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Alien races speak their own languages, Vulcans, Romulans "Rihannsu ", and others. Is the Klingon language the only constructed language seen on screen? If so, why did it receive more attention than any other? I am referring to constructed languages not some gibberish words made up for one time use for certain episodes.

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    Related
    – AncientSwordRage
    Commented Jan 8, 2013 at 21:36
  • Do you mean 'in the Star Trek universe' or are you just using Klingon as an example and we can answer more widely than ST? Commented Jan 10, 2013 at 0:11
  • I originally Star Trek. But you know, I am really interested to know of all other constructed languages which made it on screen. I know Tolkien constructed languages .. what else? Commented Jan 10, 2013 at 4:49
  • Darmok and Jalad at Tanagra!
    – iMerchant
    Commented May 3, 2016 at 1:24
  • There are several films made using Esperanto (en.wikipedia.org/wiki/List_of_Esperanto-language_films), including some starring Trek actors (imdb.com/title/tt0059311)
    – jejorda2
    Commented Jan 9, 2017 at 18:50

2 Answers 2

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As far as I can tell, no other language has been fully constructed for use in Star Trek, or at least not to nearly the degree that Klingon has.

Vulcan has been defined to some extent, but it seems to be less than Klingon. It is not, however, recognized as canon.

http://www.omniglot.com/writing/vulcan.htm

Romulan has been briefly described.

http://www.omniglot.com/writing/romulan.htm

Memory Alpha lists several languages, but most seem to exist only in a few words or phrases.

http://en.memory-alpha.org/wiki/index.php?search=language&fulltext=Search

So, yes it is the only fully constructed language seen on-screen.

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  • It's worth noting that the fleshed-out Vulkhansu and Rihannsu are both non-canonical, whereas Marc Okrand's canon is - by and large - canon. The reason it got more attention... Presumably because 1) Leonard Nimoy thought it was worth to get a linguist to construct a consistent language for Star Trek III. 2) Said linguist decided to publish books on it. 3) Klingon fandom, or "klindom", was at one time quite large.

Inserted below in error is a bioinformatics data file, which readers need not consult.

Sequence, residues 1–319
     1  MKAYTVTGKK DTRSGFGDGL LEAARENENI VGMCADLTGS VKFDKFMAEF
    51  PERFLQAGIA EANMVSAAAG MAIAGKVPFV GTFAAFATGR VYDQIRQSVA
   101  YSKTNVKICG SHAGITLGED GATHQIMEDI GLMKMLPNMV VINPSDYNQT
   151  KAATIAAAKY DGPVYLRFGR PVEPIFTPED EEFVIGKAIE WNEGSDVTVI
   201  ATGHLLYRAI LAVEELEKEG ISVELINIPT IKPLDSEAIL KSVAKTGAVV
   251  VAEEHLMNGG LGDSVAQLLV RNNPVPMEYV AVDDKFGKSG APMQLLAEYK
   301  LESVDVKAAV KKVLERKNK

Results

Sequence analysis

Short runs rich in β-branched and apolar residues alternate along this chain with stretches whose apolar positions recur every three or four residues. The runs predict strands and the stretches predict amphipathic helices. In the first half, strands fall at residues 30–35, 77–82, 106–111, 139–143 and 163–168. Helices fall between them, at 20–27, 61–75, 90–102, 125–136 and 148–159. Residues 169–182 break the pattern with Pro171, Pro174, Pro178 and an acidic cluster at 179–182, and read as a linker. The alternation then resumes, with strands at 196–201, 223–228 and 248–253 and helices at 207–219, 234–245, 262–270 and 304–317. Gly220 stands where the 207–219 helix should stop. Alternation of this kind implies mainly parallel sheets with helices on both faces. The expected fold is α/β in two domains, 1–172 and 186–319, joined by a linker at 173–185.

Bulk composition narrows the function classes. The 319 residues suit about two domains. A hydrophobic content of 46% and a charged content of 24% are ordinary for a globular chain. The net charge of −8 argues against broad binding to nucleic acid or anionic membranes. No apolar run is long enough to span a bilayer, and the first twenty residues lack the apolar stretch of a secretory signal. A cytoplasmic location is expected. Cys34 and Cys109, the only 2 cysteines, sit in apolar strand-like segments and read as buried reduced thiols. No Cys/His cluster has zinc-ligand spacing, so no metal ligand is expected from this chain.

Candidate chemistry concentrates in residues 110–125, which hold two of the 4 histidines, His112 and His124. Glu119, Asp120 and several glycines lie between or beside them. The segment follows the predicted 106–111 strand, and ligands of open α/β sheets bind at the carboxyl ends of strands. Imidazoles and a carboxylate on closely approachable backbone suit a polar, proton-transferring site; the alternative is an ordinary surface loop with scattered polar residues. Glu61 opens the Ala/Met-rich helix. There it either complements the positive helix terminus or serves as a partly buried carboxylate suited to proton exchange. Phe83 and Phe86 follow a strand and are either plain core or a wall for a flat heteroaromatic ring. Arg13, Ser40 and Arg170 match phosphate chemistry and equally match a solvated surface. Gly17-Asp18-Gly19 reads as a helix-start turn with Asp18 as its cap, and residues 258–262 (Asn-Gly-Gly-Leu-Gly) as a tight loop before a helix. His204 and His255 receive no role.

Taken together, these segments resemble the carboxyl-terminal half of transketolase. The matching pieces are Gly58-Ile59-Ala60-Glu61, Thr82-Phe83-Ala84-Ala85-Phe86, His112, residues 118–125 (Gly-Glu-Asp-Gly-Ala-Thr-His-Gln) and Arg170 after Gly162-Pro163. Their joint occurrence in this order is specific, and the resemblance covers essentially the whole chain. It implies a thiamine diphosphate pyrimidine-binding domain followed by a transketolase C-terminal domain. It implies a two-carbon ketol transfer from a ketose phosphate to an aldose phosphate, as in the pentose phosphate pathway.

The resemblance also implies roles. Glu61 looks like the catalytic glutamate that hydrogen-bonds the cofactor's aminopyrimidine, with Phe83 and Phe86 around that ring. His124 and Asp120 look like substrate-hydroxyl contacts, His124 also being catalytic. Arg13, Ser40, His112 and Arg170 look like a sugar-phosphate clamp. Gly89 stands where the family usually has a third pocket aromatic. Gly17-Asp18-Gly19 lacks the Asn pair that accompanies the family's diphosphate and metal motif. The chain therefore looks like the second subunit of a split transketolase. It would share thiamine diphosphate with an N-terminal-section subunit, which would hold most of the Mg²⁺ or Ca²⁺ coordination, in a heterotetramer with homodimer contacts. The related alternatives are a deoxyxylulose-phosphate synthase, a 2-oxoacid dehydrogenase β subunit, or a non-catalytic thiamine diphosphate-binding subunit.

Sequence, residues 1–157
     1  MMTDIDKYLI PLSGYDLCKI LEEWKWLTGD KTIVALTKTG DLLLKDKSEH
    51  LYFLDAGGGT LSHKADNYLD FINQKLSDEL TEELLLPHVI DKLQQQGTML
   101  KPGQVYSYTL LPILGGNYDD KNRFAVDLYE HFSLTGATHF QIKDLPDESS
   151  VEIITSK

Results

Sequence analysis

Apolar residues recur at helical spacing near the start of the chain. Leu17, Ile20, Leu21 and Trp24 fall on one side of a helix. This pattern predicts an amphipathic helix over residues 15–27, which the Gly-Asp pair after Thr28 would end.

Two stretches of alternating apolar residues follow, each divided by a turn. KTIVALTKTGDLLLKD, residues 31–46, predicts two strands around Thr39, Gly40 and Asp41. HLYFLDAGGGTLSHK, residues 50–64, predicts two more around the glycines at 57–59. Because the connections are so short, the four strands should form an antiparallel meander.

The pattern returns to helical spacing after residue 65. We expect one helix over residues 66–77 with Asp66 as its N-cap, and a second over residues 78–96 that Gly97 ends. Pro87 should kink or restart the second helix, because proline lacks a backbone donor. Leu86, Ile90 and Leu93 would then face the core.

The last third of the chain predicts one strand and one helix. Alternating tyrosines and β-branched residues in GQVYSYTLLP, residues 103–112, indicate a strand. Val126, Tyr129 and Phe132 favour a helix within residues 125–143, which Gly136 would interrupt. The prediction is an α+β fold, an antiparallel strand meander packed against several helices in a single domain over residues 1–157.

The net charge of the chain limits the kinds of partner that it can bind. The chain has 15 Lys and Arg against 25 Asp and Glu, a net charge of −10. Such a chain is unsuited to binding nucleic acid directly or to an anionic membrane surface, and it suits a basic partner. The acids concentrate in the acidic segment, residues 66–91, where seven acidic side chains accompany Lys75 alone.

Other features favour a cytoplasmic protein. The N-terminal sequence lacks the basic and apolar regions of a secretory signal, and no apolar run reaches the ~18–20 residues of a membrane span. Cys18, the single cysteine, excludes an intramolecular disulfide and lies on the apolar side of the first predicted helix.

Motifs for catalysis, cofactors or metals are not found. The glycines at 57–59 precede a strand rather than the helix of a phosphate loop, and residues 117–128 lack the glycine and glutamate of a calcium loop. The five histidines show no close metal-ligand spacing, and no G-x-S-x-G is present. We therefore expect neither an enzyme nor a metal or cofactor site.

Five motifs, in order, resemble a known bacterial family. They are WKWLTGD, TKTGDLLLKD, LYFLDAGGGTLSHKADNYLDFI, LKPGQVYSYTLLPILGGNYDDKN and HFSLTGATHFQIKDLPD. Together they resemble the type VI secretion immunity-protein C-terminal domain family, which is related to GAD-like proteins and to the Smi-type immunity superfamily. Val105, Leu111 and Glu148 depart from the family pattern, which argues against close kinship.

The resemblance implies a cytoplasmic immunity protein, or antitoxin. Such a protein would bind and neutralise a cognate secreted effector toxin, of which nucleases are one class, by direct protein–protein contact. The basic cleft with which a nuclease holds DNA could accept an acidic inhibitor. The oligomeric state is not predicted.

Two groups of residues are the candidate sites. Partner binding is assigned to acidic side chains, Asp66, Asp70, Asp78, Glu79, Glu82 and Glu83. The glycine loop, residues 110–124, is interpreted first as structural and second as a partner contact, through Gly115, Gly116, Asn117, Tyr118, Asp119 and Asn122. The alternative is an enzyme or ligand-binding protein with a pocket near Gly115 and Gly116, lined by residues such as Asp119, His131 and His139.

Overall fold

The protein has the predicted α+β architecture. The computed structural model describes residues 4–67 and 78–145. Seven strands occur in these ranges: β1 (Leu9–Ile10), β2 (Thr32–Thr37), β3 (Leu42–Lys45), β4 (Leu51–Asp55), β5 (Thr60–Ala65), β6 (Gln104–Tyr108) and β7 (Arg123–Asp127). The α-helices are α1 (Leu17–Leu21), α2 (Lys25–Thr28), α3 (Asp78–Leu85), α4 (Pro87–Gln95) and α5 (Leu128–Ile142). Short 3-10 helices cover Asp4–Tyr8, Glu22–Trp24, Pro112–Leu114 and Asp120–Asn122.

– loghaD
    Commented Jan 8, 2013 at 23:30
  • Okrand's work with the Vulcan language for ST:3, why is this not considered canon? Also, Okrand had to work from what James Doohan came up with for ST:1 for Klingon dialect. It wasn't all Okrand.
    – Solemnity
    Commented Jan 9, 2013 at 4:05
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    brief phrases in Vulcan are spoken in some of the movies and maybe original television series, but not enough to form anything near a full language (and the phrases may well have been thought up on the spot to sound "alien" rather than be the result of a concerted effort to create a language).
    – jwenting
    Commented Jan 9, 2013 at 8:29
  • This answer is confusing, because you're actually saying "yes" to the question that was asked.
    – Plutor
    Commented Jan 9, 2013 at 23:23
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    We got culture and context in "Darmok," not syntax or phonology. Commented Dec 28, 2013 at 2:14
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I would like to address the part of the question: "If so, why did it receive more attention than any other?"

There was a similar question here, but I do not like the direction of the answers given here or there. I believe that only the creators and those involved with the production could answer concreately. There may be an element of luck there, but there are in my own opinion some reasons to prefer developing a language for the Klingon rather than for other species.

  1. They are aggressive and violent so their conversations have more impact than that of a soft spoken race.

  2. They have lots of cultural traditions which usually get separate words to specify, so a vocabulary naturally builds up. And when the vocabulary builds up faster than that for another language it stands out.

  3. People like to pay attention to the aggressive and violent. The OP here has the name "The Byzantine"; the Byzantine empire lasted the longest of all empires in history, and was relatively peaceful compared to other empires and ironically may be the least well known in the public. It is much less known than the Vikings for example.

And those I believe are enough to have given Klingon the advantage in being picked out for having a language developed for it.

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